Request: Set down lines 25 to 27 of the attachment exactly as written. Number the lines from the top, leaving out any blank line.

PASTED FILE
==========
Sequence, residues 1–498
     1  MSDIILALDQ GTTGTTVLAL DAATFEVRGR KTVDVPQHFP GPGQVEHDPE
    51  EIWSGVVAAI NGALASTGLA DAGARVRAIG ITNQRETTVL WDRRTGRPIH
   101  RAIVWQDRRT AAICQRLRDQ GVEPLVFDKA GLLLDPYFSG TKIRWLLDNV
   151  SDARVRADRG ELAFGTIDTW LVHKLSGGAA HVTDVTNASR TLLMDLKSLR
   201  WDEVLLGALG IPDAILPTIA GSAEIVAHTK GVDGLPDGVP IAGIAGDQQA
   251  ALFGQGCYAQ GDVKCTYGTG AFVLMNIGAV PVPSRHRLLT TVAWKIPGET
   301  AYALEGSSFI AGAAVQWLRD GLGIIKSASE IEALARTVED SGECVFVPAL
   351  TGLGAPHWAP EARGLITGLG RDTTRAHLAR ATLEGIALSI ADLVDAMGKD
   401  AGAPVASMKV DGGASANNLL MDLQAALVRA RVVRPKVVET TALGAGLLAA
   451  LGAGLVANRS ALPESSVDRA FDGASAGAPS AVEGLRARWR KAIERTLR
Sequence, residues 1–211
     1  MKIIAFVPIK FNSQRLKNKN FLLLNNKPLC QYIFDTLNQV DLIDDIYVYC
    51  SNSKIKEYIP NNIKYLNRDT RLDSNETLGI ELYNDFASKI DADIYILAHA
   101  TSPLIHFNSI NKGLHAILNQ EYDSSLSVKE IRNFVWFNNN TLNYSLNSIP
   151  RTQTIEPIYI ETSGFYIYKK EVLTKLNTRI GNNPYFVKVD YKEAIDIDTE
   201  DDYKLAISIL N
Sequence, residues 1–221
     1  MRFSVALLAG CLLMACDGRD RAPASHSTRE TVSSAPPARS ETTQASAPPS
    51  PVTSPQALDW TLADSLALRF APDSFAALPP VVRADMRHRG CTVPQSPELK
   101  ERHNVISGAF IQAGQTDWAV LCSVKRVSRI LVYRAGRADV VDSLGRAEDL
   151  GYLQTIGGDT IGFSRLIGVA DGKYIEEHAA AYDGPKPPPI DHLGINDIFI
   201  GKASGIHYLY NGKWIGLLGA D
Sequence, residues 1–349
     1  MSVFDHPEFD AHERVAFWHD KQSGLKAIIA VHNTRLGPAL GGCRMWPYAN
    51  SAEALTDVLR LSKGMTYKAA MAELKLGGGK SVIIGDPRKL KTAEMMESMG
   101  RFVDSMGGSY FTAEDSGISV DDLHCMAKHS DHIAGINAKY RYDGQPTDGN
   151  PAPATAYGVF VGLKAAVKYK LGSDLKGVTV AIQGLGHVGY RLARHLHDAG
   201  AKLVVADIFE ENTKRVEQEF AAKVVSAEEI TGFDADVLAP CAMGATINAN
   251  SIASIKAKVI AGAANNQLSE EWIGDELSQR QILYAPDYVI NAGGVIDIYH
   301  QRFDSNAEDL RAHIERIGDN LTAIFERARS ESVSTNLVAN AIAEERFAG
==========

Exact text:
     1  MSVFDHPEFD AHERVAFWHD KQSGLKAIIA VHNTRLGPAL GGCRMWPYAN
    51  SAEALTDVLR LSKGMTYKAA MAELKLGGGK SVIIGDPRKL KTAEMMESMG
   101  RFVDSMGGSY FTAEDSGISV DDLHCMAKHS DHIAGINAKY RYDGQPTDGN